I came across an article the other day that piqued my curiosity since it dealt with the combination of running and sunning.
It basically showed that marathoners (of which I was once one) tend to get skin cancer at higher rates than other people. The more they ran, the higher the incidence of skin cancer. My take on what’s happening is that not only are the runners exposed to more sun (which can cause DNA damage in skin cells leading to cancer), but they are also bathed in more free radicals overall from the excessive oxidation of glucose and fats. We know that sun exposure does deplete the skin of the antioxidant Vitamin C.
Moreover, the act of running tends to divert blood flow away from the skin, starving it of additional important antioxidants that could neutralize the free-radical damage in the skin tissues. Add to that the enormous amounts of cortisol marathoners pump out doing this unnaturally high steady-state oxidative work and we not only get the DNA damage, we get the immuno-suppressive effects of the high-stress activity.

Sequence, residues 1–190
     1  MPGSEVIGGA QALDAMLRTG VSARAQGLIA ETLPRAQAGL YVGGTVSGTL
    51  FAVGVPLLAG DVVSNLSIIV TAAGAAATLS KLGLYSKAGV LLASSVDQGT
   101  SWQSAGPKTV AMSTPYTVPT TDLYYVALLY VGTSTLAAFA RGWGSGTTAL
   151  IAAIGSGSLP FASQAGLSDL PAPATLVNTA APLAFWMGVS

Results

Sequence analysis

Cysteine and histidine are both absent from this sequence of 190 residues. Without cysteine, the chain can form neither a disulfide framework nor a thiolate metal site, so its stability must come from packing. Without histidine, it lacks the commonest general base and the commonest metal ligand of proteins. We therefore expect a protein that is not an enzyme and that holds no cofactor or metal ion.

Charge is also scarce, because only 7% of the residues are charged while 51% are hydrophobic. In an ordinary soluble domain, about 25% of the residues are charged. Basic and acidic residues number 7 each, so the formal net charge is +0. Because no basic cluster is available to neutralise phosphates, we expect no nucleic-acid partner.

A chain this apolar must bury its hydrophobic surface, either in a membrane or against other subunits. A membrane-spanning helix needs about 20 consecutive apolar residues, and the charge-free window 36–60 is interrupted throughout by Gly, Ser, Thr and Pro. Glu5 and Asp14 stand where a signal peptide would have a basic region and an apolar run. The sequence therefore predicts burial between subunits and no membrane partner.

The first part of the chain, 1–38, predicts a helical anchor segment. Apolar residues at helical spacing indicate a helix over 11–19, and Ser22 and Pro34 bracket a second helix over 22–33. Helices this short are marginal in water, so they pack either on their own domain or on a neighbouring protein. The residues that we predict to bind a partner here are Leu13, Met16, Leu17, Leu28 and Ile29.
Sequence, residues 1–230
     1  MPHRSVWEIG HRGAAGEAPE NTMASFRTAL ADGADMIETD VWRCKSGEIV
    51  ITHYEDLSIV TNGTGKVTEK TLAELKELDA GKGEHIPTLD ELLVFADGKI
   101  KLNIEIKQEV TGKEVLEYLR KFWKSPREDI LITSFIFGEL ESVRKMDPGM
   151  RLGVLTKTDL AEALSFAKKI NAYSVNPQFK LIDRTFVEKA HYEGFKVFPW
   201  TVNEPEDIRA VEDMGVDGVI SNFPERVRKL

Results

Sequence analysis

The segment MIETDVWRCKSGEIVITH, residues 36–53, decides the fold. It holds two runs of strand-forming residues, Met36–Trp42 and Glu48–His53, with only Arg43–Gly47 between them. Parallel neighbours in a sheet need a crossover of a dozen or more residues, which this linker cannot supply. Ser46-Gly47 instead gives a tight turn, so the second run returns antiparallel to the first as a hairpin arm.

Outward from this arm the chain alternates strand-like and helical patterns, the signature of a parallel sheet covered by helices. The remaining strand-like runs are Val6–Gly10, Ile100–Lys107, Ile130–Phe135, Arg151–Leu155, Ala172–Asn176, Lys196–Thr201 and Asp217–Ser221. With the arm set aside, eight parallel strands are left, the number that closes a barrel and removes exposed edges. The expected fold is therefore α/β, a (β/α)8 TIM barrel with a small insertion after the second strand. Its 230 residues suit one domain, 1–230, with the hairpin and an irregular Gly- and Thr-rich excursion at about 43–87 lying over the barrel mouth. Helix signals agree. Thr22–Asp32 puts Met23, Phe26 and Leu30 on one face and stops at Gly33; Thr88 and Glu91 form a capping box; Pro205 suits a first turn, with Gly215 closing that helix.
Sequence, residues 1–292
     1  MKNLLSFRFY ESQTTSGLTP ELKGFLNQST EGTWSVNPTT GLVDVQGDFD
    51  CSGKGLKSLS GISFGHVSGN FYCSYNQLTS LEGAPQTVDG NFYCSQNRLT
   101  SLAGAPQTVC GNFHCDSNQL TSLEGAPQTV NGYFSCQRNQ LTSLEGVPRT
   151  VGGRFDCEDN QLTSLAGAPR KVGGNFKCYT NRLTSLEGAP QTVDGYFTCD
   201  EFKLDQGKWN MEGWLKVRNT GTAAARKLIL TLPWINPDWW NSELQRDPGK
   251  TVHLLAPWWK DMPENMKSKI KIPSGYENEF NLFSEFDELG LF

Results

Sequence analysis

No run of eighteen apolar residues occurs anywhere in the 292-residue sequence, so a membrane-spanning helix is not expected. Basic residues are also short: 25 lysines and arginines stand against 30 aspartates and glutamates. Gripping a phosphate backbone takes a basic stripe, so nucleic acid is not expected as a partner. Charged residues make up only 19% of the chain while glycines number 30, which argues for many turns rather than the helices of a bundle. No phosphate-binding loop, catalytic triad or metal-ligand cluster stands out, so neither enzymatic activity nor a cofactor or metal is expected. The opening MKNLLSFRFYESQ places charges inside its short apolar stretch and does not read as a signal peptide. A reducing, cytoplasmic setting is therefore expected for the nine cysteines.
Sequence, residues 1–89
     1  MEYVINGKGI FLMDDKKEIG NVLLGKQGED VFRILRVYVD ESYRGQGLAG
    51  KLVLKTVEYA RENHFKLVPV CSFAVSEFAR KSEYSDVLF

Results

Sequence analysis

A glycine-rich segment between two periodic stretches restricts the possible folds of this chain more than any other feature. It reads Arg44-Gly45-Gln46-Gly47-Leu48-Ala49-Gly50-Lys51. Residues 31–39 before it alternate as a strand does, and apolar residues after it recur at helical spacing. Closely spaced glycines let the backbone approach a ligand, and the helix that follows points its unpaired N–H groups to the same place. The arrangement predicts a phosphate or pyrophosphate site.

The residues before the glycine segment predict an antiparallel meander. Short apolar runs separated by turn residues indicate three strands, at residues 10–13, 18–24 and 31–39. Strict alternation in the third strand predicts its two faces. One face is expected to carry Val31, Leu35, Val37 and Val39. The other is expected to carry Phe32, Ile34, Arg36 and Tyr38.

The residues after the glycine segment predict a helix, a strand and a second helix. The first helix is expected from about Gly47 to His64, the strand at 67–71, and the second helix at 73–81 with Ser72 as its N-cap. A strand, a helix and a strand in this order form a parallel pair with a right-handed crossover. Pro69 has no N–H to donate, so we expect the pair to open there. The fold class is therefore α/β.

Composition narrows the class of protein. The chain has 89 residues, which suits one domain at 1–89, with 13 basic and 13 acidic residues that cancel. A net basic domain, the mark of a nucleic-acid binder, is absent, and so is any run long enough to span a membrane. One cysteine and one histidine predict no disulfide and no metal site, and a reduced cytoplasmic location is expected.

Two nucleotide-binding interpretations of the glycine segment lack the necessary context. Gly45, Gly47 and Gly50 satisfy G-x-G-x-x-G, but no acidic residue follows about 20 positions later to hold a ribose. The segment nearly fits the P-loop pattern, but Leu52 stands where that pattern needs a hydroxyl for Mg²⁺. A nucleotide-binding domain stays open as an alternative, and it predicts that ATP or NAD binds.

So: more DNA damage and a reduced ability to recognize that damage and take steps to eliminate those cells and/or repair the damage. That’s one reason (among many) that I have doused myself with antioxidants inside and out for over 20 years now. That’s also why one of my newest mantras is: a little running is OK – a lot is bad.